Why Sony makes money every time you buy an iPhone

April 29, 2015, 2:55 PM UTC
Photograph by Steve Marcus — Reuters

Every time an iPhone 6 is sold, an unlikely company cashes in, according to The Wall Street Journal.

That company, Sony (SNE), provides the image sensors for digital cameras, and it has been quietly bulking up that part of its business.

The newspaper reported the source of income for Sony on Wednesday:

The Japanese company is the world’s largest supplier of image sensors in digital cameras. To meet surging demand, Sony plans to invest $375 million in its image-sensor factories on top of nearly $900 million announced earlier this year.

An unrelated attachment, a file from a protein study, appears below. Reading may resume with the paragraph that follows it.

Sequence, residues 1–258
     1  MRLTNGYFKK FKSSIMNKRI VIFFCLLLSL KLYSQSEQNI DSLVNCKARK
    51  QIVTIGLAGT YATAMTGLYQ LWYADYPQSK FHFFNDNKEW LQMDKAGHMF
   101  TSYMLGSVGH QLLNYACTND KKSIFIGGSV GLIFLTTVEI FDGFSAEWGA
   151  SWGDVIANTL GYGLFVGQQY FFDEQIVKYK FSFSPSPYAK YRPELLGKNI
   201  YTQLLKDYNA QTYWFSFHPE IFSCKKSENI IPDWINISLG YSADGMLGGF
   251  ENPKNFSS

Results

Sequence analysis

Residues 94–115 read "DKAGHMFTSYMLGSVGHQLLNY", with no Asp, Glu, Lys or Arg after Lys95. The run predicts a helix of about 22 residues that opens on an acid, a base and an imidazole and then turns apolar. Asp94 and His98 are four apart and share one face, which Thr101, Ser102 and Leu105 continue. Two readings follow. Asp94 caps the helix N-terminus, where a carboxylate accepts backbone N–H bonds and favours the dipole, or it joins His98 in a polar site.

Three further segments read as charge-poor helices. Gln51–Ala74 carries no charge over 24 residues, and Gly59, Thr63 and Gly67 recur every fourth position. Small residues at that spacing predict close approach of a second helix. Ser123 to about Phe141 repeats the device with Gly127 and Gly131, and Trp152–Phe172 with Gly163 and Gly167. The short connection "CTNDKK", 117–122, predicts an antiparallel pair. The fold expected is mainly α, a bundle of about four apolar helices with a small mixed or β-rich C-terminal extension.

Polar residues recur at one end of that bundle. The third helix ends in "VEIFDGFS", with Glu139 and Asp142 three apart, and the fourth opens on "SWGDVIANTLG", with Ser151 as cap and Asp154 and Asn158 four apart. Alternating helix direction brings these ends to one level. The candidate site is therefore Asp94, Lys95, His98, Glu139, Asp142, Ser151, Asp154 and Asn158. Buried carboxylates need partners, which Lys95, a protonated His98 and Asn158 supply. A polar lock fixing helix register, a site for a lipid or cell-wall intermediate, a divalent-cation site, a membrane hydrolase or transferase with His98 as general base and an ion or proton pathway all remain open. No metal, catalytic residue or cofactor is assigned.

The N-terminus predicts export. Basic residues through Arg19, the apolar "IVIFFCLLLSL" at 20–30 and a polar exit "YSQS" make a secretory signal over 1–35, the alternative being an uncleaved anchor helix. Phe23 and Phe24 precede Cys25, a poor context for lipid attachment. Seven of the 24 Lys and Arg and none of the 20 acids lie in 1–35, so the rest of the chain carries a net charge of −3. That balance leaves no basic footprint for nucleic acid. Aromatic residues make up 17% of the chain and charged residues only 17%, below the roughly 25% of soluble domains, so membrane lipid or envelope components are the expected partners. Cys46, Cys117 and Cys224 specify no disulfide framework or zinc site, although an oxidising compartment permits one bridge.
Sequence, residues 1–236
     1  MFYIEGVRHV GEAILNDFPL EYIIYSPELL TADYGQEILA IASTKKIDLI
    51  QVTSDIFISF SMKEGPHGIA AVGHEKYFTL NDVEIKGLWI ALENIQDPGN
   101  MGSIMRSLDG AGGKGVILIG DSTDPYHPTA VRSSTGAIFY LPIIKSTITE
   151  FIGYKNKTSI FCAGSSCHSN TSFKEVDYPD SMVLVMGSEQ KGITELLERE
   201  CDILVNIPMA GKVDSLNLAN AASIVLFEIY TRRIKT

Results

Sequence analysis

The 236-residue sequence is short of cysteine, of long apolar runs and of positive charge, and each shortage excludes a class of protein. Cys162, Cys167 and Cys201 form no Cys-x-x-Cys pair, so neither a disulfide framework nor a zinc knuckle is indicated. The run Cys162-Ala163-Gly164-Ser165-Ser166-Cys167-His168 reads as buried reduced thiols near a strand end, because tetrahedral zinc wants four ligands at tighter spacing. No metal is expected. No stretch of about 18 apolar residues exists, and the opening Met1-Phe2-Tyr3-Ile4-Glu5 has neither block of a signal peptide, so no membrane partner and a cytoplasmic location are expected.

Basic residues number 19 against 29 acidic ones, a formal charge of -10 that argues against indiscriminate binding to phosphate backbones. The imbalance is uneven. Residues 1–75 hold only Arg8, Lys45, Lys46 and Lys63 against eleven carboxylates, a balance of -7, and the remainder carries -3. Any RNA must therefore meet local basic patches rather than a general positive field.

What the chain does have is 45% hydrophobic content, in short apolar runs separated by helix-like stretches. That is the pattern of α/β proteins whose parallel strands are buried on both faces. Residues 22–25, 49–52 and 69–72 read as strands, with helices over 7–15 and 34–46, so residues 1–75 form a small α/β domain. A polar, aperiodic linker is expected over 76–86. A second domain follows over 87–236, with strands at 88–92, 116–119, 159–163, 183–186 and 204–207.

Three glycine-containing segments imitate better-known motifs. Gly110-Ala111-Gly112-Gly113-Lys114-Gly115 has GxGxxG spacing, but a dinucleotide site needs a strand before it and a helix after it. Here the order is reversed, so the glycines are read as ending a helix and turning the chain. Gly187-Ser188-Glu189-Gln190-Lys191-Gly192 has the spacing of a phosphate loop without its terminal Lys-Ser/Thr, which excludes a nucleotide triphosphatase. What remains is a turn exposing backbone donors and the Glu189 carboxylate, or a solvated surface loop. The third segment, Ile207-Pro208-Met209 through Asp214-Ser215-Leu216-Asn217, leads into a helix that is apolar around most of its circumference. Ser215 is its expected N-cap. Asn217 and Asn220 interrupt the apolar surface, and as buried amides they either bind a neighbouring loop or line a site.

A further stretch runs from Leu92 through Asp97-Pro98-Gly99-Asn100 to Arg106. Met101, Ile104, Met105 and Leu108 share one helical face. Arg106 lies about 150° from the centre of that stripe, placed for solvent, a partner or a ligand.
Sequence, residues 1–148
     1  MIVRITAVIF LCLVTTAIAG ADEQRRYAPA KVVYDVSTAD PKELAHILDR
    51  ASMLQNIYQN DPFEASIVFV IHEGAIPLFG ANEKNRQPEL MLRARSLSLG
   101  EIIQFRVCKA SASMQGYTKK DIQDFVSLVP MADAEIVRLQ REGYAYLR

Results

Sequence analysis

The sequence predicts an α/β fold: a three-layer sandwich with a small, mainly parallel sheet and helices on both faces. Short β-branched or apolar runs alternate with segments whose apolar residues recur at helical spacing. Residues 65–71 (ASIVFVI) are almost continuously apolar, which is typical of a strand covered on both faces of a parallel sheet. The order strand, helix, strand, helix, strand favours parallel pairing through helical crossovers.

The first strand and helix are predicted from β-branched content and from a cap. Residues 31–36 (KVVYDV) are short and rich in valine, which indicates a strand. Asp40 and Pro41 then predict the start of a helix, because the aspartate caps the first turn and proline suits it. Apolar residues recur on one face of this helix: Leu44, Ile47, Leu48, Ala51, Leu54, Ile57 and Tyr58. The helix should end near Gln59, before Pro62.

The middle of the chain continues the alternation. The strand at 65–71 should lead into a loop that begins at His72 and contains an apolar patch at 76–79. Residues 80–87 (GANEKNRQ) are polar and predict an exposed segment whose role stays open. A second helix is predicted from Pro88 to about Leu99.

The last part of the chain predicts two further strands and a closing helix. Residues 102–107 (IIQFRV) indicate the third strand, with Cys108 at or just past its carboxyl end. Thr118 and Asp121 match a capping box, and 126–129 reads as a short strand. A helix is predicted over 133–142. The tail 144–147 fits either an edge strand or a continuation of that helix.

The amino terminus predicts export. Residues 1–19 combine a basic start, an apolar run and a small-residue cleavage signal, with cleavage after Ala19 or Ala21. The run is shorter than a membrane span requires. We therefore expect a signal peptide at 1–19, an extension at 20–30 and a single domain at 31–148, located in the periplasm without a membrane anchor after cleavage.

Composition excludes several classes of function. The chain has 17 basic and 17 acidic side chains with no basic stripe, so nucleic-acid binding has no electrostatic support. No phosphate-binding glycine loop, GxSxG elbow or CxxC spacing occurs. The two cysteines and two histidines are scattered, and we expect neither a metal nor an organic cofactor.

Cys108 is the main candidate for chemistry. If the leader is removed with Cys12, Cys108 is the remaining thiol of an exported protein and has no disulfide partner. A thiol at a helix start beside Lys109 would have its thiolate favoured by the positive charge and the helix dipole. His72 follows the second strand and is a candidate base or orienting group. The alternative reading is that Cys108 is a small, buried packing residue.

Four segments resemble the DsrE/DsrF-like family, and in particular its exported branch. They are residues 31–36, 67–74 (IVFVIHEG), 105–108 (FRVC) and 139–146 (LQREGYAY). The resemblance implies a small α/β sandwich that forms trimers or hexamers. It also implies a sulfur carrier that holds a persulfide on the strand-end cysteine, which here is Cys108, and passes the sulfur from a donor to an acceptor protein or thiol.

Sony’s CEO Kazuo Hirai praised the business in a recent interview with the Journal: “Whether it’s a device that goes into other manufacturers’ products or sometimes our own, if there’s innovation there,” he said. “That’s something I get excited about.”

And this is how the partnership with Apple (AAPL) works:

Instead, Sony is trying harder than ever to profit from other companies’ innovations, such as the iPhone 6. Each one contains two Sony-made image sensors and related parts, which generate revenue of as much as $20 per phone for Sony, analysts say. Earlier-generation iPhones had one Sony sensor apiece. The ‘selfie’ craze has strengthened Sony’s grip on the market.

The money made from other companies is a sign of change for the company: “If we’re talking about the organization and our strategies and where we want the company to be next year, two years from now, three years from now,” said Hirai to the newspaper. “Yes, we’re starting to turn the corner.”
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